Wednesday, 19 August 2015
Corbyn-mania is too little and too late for this Green Lefty
The last time that I voted for Labour was in 1997. It was great to see the Tories routed so thoroughly, although I didn’t expect much from the new Labour government. Even these low expectations were confounded though by the timidity of Labour in government.
I think it must have been by about 1998 when the penny finally dropped for me, that is, Labour weren’t just getting away with as much as they thought they could get away with. The realisation dawned on me that new Labour didn’t actually believe in or want to implement anything like traditional social democrat policies. They believed in the neo-liberal consensus established by the preceding Thatcher/Major Tory government.
I had always voted Labour, my family did, this is what we did at elections, without even thinking about it. My dad was a union shop steward for the engineering union (AUEW as it was then) in the 1960s and 1970s. He was often on strike or lock out and left politics was constantly discussed at home.
Come the 2001 general election, I’d had enough of new Labour and decided to vote for the Socialist Alliance, who had a strong candidate running in my constituency, Louise Christian, the human rights lawyer. I reasoned that if enough people voted SA, Labour would take notice and move back to the left. Louise Christian got about 1100 votes, and the Labour government got even worse.
I did notice that the Green party candidate got twice as many votes as the SA in my constituency and looked into the Greens policies, and was pleasantly surprised to find them similar to old Labour ones. At the time I was beginning to get increasingly concerned by climate change as well, or global warming as it was known then. I decided to throw my lot in with the Greens, around my way at least. I didn’t join the Green party at this stage but resolved to vote for them.
Then the whole Iraq war debacle started which led eventually to me joining the Greens, but I also made the discovery around this time of ecosocialism after reading Joel Kovel’s ‘The Enemy of Nature’ subtitled ‘the end of capitalism or the end of the world?’ I started to work for ecosocialism within the Green party joining Green Left pretty much immediately it was formed and am here to this day.
And so to Jeremy Corbyn’s campaign for the Labour leadership this year. It reminds me a bit of Ed Miliband’s campaign for the Labour leadership in 2010 although on steroids this time. Against expectations Ed beat his brother with a pitch that moved Labour to the left, but not as much as Corbyn is offering this time. People from the Green party flocked to join Labour thinking it was going back to social democracy, but ultimately what radicalism there was, was watered down and Labour fought the 2015 general election on policies that were only a millimetre or so to the left of the Tories.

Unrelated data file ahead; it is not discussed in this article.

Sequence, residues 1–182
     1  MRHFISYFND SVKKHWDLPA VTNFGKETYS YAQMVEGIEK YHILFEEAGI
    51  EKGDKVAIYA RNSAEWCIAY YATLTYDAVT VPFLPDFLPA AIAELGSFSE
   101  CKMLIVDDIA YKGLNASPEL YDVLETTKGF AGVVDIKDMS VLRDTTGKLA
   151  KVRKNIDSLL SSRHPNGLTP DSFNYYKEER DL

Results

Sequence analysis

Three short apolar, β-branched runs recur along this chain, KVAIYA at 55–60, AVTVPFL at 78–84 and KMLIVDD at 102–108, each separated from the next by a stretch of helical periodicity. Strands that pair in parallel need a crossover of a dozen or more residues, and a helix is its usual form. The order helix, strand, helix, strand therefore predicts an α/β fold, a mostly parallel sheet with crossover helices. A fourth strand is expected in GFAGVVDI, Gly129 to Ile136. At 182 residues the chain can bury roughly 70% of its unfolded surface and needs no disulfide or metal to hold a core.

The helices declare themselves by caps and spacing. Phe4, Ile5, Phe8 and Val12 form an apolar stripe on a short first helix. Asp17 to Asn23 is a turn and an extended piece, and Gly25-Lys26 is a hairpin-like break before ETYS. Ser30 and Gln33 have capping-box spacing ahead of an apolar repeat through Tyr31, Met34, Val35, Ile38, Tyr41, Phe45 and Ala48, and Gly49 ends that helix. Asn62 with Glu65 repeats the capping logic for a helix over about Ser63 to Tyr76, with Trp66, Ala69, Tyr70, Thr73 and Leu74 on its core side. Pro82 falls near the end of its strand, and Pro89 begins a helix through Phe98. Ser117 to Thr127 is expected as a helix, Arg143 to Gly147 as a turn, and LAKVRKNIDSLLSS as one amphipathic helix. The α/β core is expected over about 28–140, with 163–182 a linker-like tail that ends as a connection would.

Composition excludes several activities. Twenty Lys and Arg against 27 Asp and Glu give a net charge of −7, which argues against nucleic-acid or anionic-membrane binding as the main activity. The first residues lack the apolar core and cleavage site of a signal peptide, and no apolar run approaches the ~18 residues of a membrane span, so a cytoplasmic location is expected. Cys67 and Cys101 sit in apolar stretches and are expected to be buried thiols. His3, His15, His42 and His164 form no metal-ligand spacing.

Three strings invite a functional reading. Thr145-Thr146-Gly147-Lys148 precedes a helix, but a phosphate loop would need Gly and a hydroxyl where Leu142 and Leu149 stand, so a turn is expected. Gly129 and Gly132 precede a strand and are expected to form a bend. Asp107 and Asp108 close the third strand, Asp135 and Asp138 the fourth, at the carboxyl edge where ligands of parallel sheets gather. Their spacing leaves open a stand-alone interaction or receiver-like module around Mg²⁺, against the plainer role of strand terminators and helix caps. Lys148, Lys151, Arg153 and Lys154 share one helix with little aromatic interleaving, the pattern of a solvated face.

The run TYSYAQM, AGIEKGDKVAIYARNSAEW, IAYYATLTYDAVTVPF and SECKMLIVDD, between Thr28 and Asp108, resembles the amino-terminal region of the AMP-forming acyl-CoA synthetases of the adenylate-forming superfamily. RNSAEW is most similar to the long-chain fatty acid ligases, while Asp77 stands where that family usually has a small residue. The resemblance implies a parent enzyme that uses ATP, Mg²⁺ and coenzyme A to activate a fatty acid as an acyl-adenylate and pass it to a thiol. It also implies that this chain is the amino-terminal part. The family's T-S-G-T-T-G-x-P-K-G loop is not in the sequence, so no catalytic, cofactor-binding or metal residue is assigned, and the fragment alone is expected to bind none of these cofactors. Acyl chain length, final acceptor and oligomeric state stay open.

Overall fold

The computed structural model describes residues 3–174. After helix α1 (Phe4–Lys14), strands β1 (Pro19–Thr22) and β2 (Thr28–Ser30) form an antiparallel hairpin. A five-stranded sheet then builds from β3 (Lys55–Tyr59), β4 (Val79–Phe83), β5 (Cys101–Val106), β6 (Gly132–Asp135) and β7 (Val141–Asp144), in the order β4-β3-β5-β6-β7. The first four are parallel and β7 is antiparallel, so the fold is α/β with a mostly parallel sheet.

I wonder whether Corbyn’s ideas will meet the same fate or whether he will be deposed entirely before 2020? His platform is actually not all that left wing despite the hysteria in the media and from the Labour party establishment. Take a look at the Liberal – SDP Alliance manifesto for the 1983 general election and you can see what I mean.
Jeremy Corbyn himself is a decent, principled man and has been a constant thorn in the side of new Labour over the years. I think the Green party should be supportive of his attempt to drag Labour to the left and hopefully he can be persuaded to support introducing a fairer, proportional voting system, for future elections that should keep the Tories out of power for good.
But my thinking has moved on from 1983, 2003 even, and I am now firmly an ecosocialist which is a word I have not heard Corbyn mention. The fact is, old Labour pro capitalist style politics is out dated and completely inappropriate for the contemporary problems that the country and indeed the world faces. And yes, the Green party is not ecosocialist either, but it is closer to it than even the best case scenario (which is unlikely) that a Corbyn Labour party will advocate. I'm staying put, for now at least.